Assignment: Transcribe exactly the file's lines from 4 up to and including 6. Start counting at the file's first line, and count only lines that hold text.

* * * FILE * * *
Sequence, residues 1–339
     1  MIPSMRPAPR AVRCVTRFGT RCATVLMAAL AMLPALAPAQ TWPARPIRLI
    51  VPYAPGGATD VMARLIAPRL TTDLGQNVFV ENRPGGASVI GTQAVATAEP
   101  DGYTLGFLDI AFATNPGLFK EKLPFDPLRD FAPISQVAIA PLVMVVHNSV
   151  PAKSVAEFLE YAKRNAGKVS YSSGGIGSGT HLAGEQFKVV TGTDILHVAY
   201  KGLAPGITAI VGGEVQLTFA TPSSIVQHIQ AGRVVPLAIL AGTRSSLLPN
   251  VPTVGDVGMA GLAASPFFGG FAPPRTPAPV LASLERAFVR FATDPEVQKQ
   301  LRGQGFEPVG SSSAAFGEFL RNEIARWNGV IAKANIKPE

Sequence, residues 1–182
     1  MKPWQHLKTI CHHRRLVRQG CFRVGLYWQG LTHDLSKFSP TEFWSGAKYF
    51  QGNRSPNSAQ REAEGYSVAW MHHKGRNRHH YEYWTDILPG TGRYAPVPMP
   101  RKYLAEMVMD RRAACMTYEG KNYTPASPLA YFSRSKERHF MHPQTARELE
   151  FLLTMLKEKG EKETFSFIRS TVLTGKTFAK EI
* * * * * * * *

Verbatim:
   101  DGYTLGFLDI AFATNPGLFK EKLPFDPLRD FAPISQVAIA PLVMVVHNSV
   151  PAKSVAEFLE YAKRNAGKVS YSSGGIGSGT HLAGEQFKVV TGTDILHVAY
   201  KGLAPGITAI VGGEVQLTFA TPSSIVQHIQ AGRVVPLAIL AGTRSSLLPN